Monique Wright-Williams had always forbidden her three girls from watching hip-hop music videos because of the way they portray women as "hoochies or sex objects," she said.
Rihanna and Chris Brown in the audience during the 2008 MTV Movie Awards at the Gibson Amphitheatre on June 1, 2008 in Universal City, California.
"I don't ever want them to think of themselves as a sex object," she told ABCNews.com.
The music of Chris Brown, though, was different. Marketed as more of a Jonas Brother than a Lil Wayne, Brown won the approval of both mother and daughters. Wright-Williams' oldest daughter, Solange, a 17-year-old college freshman, plastered her room with pictures of the 19-year-old R&B singer and affectionately referred to him as her "husband."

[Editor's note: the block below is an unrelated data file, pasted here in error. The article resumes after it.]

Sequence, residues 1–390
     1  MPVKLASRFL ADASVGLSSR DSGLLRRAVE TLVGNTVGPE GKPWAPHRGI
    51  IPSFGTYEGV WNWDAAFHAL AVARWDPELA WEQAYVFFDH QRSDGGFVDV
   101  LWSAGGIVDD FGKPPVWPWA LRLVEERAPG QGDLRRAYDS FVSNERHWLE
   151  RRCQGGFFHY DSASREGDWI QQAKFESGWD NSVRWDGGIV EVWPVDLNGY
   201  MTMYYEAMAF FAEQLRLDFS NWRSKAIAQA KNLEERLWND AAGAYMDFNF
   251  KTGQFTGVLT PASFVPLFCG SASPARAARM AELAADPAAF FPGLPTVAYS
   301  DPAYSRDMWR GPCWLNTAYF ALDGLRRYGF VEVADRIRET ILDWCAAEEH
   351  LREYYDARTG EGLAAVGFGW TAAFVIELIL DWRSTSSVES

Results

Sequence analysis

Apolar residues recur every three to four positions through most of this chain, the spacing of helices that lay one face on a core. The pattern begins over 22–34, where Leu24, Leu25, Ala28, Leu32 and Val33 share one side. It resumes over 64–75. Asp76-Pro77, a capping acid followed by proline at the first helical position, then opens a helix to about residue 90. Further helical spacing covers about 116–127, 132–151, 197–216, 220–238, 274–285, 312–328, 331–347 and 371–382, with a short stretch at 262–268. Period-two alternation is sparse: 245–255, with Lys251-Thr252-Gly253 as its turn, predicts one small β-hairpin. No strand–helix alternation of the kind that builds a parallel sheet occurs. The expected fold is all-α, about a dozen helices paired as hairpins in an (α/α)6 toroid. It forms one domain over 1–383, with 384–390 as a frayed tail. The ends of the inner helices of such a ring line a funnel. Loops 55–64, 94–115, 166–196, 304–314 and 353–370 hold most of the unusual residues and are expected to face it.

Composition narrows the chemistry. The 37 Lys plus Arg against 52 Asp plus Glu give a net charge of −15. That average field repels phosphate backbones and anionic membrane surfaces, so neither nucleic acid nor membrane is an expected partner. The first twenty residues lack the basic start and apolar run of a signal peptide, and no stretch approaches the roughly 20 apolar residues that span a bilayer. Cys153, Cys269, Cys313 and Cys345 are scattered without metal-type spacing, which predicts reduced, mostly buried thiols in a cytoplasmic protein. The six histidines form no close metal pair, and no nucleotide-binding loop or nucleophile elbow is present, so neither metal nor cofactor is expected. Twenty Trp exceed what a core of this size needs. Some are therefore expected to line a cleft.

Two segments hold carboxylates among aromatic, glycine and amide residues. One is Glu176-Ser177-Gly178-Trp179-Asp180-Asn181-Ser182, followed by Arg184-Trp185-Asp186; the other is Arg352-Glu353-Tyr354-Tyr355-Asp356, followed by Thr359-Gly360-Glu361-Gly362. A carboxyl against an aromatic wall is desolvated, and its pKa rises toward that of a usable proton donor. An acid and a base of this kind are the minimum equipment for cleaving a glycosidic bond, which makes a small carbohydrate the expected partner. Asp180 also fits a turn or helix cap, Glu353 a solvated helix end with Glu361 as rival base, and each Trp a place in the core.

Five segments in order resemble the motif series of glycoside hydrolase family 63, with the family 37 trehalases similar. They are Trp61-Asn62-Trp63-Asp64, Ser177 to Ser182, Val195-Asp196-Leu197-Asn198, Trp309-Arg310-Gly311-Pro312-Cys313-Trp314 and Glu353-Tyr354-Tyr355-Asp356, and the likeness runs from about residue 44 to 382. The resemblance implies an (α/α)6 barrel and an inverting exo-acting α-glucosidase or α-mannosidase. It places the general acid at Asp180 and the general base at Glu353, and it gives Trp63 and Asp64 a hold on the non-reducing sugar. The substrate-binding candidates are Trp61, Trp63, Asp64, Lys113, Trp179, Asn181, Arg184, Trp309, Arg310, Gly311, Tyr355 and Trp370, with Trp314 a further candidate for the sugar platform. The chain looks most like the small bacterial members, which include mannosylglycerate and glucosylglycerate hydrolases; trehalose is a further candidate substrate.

So when the Syracuse, N.Y., family learned that Brown had been arrested last week for allegedly beating his pop-star girlfriend Rihanna, the news came as a shock. "I'm obviously disappointed," Wright-Williams, a youth services agency director, said. "He was in a good position to serve so many young black children well. Whenever anybody who is in a good position to have a nice impact on my children, and children in general, tumbles and falls in such an important way, it's here we go again." Perhaps. The fall of a teen idol is familiar territory. But the swift and critical public response to Brown's arrest from the Williams family and other members of the black community has come as something of a surprise to some people.